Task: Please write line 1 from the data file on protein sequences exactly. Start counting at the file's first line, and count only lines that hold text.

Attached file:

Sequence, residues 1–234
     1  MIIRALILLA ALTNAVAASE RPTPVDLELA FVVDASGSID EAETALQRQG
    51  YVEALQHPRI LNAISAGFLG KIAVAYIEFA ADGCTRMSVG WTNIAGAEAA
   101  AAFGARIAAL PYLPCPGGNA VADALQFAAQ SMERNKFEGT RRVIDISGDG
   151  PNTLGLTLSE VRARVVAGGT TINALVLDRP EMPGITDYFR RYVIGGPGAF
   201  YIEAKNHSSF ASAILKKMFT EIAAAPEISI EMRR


Sequence, residues 1–234